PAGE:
ECU studying effects of traumatic brain injury in Aboriginal and Torres Strait Islander Australians

Professor Beth Armstrong is leading the ECU study.
Professor Beth Armstrong is leading the ECU study.

ABORIGINAL and Torres Strait Islander Australians are more than twice as likely as non-Aboriginal Australians to suffer a traumatic brain injury or stroke.

Despite this, Aboriginal stroke and traumatic brain injury survivors are under-represented in mainstream hospital-based rehabilitation services.

The effects of brain injury can be long term or permanent and can effect a person’s movement, communication and overall quality of life.

An ECU project titled ‘Enhancing rehabilitation services for Aboriginal Australians after brain injury’ is aiming to address this imbalance after receiving a $900,000 grant from the National Health and Medical Research Council.

Led by Professor Beth Armstrong and the ECU speech pathology team, the grant will allow a team of researchers, health service providers and industry partners to develop and implement a culturally secure intervention package for Aboriginal people.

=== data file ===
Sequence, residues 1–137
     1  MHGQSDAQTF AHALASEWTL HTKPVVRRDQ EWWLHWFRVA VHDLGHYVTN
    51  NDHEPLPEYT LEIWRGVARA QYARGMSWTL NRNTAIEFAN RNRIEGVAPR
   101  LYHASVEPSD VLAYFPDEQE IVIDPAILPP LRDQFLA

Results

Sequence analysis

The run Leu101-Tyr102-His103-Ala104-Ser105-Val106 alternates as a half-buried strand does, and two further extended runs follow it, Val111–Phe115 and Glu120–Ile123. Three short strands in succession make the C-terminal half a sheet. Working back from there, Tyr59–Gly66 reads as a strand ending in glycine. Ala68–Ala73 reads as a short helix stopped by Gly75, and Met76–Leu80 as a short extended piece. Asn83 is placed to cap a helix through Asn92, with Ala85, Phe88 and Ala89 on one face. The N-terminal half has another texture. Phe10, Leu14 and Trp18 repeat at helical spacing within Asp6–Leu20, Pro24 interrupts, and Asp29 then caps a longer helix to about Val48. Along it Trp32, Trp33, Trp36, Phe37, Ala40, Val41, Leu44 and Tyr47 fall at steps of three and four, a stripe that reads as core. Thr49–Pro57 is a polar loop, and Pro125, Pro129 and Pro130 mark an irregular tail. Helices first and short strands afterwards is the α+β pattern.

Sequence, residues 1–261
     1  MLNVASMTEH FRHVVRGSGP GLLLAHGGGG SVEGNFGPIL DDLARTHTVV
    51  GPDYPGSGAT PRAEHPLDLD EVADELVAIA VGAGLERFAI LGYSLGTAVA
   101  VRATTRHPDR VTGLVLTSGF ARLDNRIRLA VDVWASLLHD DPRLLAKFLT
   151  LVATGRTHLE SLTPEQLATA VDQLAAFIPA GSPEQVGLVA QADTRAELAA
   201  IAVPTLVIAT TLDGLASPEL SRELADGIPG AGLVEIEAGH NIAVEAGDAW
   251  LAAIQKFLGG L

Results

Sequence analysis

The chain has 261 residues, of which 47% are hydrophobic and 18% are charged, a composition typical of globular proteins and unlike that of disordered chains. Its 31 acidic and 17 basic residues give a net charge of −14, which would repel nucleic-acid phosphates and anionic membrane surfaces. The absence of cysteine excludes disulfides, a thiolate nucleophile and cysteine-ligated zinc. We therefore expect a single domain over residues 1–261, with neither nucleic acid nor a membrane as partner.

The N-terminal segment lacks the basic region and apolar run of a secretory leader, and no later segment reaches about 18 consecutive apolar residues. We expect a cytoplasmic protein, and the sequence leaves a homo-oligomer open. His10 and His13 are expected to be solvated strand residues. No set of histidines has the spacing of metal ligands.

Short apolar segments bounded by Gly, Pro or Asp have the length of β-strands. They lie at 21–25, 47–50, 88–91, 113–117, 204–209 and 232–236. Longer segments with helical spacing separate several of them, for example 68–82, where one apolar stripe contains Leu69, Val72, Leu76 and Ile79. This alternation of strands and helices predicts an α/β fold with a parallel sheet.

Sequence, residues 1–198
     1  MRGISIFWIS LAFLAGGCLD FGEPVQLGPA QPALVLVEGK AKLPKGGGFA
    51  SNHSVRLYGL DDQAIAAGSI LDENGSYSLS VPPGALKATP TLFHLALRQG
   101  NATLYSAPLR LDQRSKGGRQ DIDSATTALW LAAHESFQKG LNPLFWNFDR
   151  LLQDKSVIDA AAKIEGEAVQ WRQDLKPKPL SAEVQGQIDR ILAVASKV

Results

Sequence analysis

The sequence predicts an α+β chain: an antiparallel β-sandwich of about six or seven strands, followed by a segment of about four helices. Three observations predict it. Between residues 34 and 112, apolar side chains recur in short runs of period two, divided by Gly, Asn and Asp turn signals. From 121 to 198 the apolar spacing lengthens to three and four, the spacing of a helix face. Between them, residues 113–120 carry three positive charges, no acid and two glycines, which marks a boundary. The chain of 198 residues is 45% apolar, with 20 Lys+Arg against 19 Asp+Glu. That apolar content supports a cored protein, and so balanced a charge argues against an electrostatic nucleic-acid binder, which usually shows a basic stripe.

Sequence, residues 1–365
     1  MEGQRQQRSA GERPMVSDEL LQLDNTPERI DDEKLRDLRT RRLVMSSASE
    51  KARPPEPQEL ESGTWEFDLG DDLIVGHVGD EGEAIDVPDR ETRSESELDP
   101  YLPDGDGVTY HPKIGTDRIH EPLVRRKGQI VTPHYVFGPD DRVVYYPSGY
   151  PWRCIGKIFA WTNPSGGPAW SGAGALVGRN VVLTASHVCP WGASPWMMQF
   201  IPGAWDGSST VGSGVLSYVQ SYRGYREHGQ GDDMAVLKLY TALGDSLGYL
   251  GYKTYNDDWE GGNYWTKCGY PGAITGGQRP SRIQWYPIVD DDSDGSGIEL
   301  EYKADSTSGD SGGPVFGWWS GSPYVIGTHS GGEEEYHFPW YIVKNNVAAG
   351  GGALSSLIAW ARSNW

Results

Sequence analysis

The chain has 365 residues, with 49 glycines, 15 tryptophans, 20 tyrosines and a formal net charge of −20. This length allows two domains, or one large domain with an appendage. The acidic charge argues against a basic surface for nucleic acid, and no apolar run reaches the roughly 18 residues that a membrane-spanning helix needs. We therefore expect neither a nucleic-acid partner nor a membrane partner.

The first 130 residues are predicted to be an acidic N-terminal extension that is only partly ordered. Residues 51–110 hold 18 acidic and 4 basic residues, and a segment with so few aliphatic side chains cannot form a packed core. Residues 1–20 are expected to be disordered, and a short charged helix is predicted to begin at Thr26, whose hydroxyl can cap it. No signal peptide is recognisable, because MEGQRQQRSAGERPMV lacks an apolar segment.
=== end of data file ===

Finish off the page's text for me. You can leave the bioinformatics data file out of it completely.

It aims to enhance their rehabilitation experience and engagement with rehabilitation services and improve quality of life after stroke or traumatic brain injury.

The project is a collaboration with The University of WA and the WA Centre for Rural Health, Monash and Notre Dame universities and the University of Technology Sydney.

It will be carried out in partnership with the Department of Health, WA Country Health Service, Geraldton Regional and Kimberley Aboriginal medical services, Bega Garnbirringu Health Services in Kalgoorlie, Royal Perth Hospital Medical Research Foundation, Neurological Council of WA, Stroke Foundation and St John of God Midland Hospital.